In my early twenties I was a sailplane pilot. Sailplanes are simple aircraft, but there's enough data flowing from the instrument panel that it's possible to become fixated on a set of numbers, rather than observing what happens outside the canopy. Judgment suffers. The instructors' antidote was a flight with the instruments covered, to get pilots' heads out of the cockpit. Forced to rely on observation and audio-visual cues, pilots sharpen their ability to judge altitude, airspeed, distance and other factors. Plus, you want to be looking outside the plane for other traffic.
Cyclists can be every bit as bad as pilots when it comes to keeping their heads inside the cockpit. Case in point: I recently sat behind a cyclist who obviously glanced at his cyclocomputer every five to ten seconds. I'm sure you've witnessed this, too.
Aside from the safety implications (God save us from the cyclist who is watching the computer while on a fast descent), there's a whole world that's passing by while we ride, and wouldn't it be a shame to miss it? A computer isn't going to quantify the landscape or weather, and it tells you exactly nada about the person riding near you. So doesn't it deserve a little less attention?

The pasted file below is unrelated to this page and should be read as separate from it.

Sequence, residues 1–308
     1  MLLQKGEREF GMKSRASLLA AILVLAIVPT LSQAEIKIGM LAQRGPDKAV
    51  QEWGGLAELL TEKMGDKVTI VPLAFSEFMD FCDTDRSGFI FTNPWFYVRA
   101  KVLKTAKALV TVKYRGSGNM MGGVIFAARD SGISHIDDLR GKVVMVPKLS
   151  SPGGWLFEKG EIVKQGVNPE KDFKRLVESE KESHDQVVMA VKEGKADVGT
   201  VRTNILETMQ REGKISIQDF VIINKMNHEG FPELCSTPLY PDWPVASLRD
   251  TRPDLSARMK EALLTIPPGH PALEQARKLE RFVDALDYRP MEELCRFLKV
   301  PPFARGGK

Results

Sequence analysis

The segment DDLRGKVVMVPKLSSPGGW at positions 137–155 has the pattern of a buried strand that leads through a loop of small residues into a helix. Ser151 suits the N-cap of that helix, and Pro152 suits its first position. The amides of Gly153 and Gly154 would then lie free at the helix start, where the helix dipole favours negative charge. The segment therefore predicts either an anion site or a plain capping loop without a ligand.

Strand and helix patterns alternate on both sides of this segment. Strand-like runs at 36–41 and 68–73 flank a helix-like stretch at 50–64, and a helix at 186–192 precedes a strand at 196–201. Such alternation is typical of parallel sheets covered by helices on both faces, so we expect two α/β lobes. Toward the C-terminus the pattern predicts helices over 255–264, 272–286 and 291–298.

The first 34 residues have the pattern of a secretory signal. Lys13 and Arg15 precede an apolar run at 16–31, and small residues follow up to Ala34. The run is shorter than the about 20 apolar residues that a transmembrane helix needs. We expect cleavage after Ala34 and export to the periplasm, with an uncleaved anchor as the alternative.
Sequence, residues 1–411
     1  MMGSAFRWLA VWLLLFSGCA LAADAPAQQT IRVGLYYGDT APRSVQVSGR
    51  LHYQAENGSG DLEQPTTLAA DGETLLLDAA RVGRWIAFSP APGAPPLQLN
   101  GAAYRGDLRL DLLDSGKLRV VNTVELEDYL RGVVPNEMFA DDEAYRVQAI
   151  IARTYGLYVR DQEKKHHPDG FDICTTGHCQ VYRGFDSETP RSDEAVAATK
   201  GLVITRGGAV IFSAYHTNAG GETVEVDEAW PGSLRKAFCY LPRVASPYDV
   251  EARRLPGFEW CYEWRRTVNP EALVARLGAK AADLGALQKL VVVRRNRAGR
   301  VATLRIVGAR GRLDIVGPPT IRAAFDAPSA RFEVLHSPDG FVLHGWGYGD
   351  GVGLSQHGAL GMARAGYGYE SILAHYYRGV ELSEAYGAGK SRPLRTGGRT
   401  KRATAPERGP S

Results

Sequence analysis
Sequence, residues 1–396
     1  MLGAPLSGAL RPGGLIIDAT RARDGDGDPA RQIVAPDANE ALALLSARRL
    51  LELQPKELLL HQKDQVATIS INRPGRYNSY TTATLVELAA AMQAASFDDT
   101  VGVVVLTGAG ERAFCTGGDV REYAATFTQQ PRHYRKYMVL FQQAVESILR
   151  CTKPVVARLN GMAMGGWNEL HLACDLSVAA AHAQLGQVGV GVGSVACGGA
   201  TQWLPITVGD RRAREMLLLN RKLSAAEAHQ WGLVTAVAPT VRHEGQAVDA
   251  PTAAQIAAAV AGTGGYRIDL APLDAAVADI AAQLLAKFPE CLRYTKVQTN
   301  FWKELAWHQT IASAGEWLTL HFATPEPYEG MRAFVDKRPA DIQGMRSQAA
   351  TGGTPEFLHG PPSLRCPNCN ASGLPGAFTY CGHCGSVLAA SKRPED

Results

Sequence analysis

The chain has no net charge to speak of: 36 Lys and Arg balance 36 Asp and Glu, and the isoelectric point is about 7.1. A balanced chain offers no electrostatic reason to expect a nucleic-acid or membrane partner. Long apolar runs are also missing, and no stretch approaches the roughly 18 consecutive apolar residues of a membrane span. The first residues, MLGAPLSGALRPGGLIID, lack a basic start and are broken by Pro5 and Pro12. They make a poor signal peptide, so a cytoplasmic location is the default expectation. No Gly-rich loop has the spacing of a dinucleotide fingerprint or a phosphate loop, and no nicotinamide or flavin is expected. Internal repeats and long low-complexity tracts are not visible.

Last Saturday I led the first (at least that I know of) no computer ride. We met late in the morning, and everyone remove or switched off their computers. Then we rode. No one knew how fast, or how far we were going. And instead of obsessing over average speeds and other data, we talked and watched the Fall leaves.
A couple of comments from the ride:
"This is like cycling used to be, when we just rode our bikes until we got tired."
"We need to do this again."
There's nothing wrong with data, but I think it can't hurt to shift the balance away from it a bit. There's a lot to look at, and a lot we can miss, when we're fixated on a set of digital numbers.
Yeah, we'll do this kind of ride again.